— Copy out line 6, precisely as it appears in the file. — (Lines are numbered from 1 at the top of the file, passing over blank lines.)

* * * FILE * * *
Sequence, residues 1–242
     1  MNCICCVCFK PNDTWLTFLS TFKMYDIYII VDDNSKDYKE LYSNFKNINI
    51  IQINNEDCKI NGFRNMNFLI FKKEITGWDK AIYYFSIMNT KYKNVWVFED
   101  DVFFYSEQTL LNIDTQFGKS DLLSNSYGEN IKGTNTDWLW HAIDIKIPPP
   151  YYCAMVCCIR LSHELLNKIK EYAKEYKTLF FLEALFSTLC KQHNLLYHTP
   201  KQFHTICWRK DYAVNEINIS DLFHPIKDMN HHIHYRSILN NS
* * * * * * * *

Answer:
   201  KQFHTICWRK DYAVNEINIS DLFHPIKDMN HHIHYRSILN NS